Small Business Budgeting Tips: Reducing Business Travel Expenses

For your next company work trip, cut costs on your business travel expenses with these small business budgeting tips.

Business travel is often viewed as a luxurious perk for corporate jobs. Getting to escape from one’s daily work routine, expense your meals, and retreat to your own hotel room certainly has its charms. But not every company gets to spoil its employees with such benefits. Those of you who work for startups and small businesses know that money can be tight, and from booking accommodation to eating out, you often have to be conscious of what you’re spending. Previously, we spoke with Brand Ambassador Sarah Mader, who shared her own experience traveling for work on a budget. Now, we’d like to offer up some small business budgeting tips for lowering your company’s business travel expenses.

Cost-Effective Transportation

From traveling to your destination to getting around once you’ve arrived, business travelers have quite a few options in the transportation department. If the city you’re traveling to is accessible by train, opt for a bus instead. Megabus and BoltBus both operate in the U.S. and Canada, with Megabus also running routes in Europe. The ride might be a bit longer, but, similar to airplane flights, Megabus allows you to choose your seats ahead of time. So you can get the aisle, the window, extra legroom, or whatever suits your needs. And with fares as low as $1, I don’t think your boss will mind if you splurge on your bus ticket and spend a couple more bucks to get the much sought after front seats.

For companies that have to send their employees by air, booking through Skyscanner or Expedia is one way to cut airfare costs. Both will compare prices across several airlines and deals from other booking sites, presenting you with the cheapest options. But as with any third party booking website, it will cost you to cancel or change your reservation. So if your travel plans aren’t absolute, consider booking directly through a low budget airline like Frontier in the U.S. or Ryanair in Europe. You’ll have the flexibility to adjust your plans while still paying reduced prices.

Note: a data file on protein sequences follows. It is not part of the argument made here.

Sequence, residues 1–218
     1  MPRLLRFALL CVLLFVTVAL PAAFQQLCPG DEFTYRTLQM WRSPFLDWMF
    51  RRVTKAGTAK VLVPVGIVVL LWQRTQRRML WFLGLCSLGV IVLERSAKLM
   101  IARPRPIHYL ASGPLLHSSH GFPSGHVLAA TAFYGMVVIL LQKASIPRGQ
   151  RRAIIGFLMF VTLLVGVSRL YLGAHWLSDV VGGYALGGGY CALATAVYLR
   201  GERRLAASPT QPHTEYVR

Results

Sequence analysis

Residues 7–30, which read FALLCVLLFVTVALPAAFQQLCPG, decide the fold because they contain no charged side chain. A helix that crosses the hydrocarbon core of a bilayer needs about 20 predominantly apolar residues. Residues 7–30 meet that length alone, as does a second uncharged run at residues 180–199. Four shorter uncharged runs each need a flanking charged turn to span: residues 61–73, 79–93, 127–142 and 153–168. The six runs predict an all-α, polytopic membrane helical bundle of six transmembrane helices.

Keep in mind, bigger airlines will include a carry-on, personal item, and sometimes even a checked bag with your plane ticket. Low-budget airlines are able to keep their costs so cheap with restricted baggage options. Double check what you’re allowed to bring with you and the required dimensions, and pack accordingly.

Once you’re at your destination, think twice about renting a car. Before the sharing economy took off, car rentals were a better option than taking a taxi everywhere, and you could always save money by choosing a smaller vehicle or looking for deals. While this is a sure way to get to where you need to be, today, it’s not always the most cost-effective or convenient method.

We recommend using a mix of public transit and ride-sharing apps to get to the spots on your agenda. Public transit will always be your cheapest choice, and if you have time to spare, opt for that. If you’re running late or require more flexibility for getting around, request a Lyft or an Uber. Both of these also offer business friendly amenities, like the ability for a manager to track spending from their office. You have a host of options for getting around as a work traveler, meaning you can find a method of transit for every budget.

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Budget Accommodations

Don’t worry, we’re not going to ask you to share a hotel room with your coworker. If you’re conservative with how you spend on accommodations for your work trips, you can justify getting your own space. Like transportation, there are both third-party apps that will help you save on accommodations and cheaper brands that boast competitive nightly rates. One popular booking app we haven’t talked about yet is Kayak. It’s a favorite for booking not only flights and rental cars, but hotels too at discounted prices. Booking.com is another site that will help you save on hotels, though it is quite difficult to change a reservation once you’ve made it.